Nathaniel Appleton Haven

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Nathaniel Appleton Haven
Member of the United States House of Representatives
from New Hampshire's At large district
In office
March 4, 1809 – March 3, 1811
Preceded by Jedediah K. Smith
Succeeded by John A. Harper
Personal details
Born (1762-07-19)July 19, 1762
Portsmouth,Rockingham County
New Hampshire, USA
Died March 13, 1831(1831-03-13) (aged 68)
Portsmouth,Rockingham County
New Hampshire, USA
Resting place Proprietors' Burying Ground
Portsmouth,Rockingham County
New Hampshire, USA
Political party Federalist
Spouse(s) Mary Tufton Moffat Haven
Children Maria Tufton Haven
Nathaniel Appleton Haven
Charlotte Ann Haven
Parents Samuel Haven
Mehitable Appleton Haven
Alma mater Harvard College, 1779
Profession Physician
Editor
Politician
Military service
Service/branch Continental Navy
Rank Ship's Surgeon
Battles/wars Revolutionary War

Nathaniel Appleton Haven (July 19, 1762 – March 13, 1831) was an American politician, a physician, and served as a U.S. Representative from New Hampshire.

Early life[edit]

Haven was born in Portsmouth,Rockingham County, New Hampshire. He pursued classical studies, was educated by the Reverend Dr. Nathaniel Appleton, and graduated in medicine from Harvard College in 1779.

Career[edit]

Haven practiced his profession in Portsmouth and also engaged in mercantile pursuits, and was editor of the Portsmouth Journal until 1825.[1]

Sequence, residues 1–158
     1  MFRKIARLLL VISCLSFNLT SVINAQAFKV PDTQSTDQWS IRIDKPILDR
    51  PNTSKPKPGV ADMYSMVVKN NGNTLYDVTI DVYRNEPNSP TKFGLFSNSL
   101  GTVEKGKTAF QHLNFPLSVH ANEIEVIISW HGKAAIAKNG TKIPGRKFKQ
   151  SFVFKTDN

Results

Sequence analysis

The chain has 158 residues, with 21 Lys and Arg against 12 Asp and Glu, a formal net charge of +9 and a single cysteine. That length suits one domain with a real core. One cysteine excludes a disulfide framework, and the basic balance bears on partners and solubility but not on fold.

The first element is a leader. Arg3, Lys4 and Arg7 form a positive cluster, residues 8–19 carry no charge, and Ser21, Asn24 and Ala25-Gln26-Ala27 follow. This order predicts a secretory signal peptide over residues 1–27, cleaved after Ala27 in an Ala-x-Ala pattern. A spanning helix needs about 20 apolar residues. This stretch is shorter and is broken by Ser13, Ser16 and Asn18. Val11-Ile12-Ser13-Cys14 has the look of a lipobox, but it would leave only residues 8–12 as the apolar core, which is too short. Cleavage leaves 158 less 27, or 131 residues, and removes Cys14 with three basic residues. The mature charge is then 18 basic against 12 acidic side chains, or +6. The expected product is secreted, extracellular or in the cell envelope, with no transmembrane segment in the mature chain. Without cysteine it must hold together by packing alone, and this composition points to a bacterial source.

Serving as a ship's surgeon in the latter part of the Revolutionary War, Haven was captured by the British and was a prisoner of war aboard the Jersey prison ship at New York for a short time.[2]

Elected as a Federalist to the Eleventh Congress, Haven served as United States Representative for the state of New Hampshire from (March 4, 1809 – March 3, 1811).

Death[edit]

Haven died in Portsmouth, on March 13, 1831, and is interred at Proprietors' Burying Ground.Died March 13, 1831 (age 68 years, 237 days). Interment at Proprietors' Burying Ground, Portsmouth, N.H.

Family life[edit]

Son to Samuel Haven and Mehitable Appleton, Haven married Mary Tufton Moffat,[3] and they had three children, Maria Tufton Haven, Nathaniel Appleton Haven, and Charlotte Ann Haven.[4]

References[edit]

  1. ^ New England Historic Genealogical Society. Memorial Biographies of the New England Historic Genealogical Society: Towne Memorial Fund. V. 1-9: 1845-97, Volume 5. The Society, 1894. p. 15. Retrieved 21 August 2014. 
  2. ^ Joseph Foster, Grand Army of the Republic. Dept. of New Hampshire Storer Post, No. 1 (Portsmouth). The soldiers' memorial. Portsmouth, N.H., 1893-1921: Storer Post, No. 1, Department of New Hampshire, Grand Army of the Republic, Portsmouth, N.H., with record of presentation of flags and portraits by the post to the city. 1890 and 1891. 1893. p. 33. Retrieved 21 August 2014. 
  3. ^ Ticknor, George (1827), The remains of Nathaniel Appleton Haven: With a memoir of his life by George Ticknor, Cambridge, Massachusetts: Hillard, Metcalf, & company, p. xii 
  4. ^ "Nathaniel Appleton Haven". 1997-2014 Ancestry.com. Retrieved 21 August 2014. 

External links[edit]


Preceded by
Jedediah K. Smith
Member of the U.S. House of Representatives
from New Hampshire

1809-1811
Succeeded by
John A. Harper

 This article incorporates public domain material from websites or documents of the Biographical Directory of the United States Congress.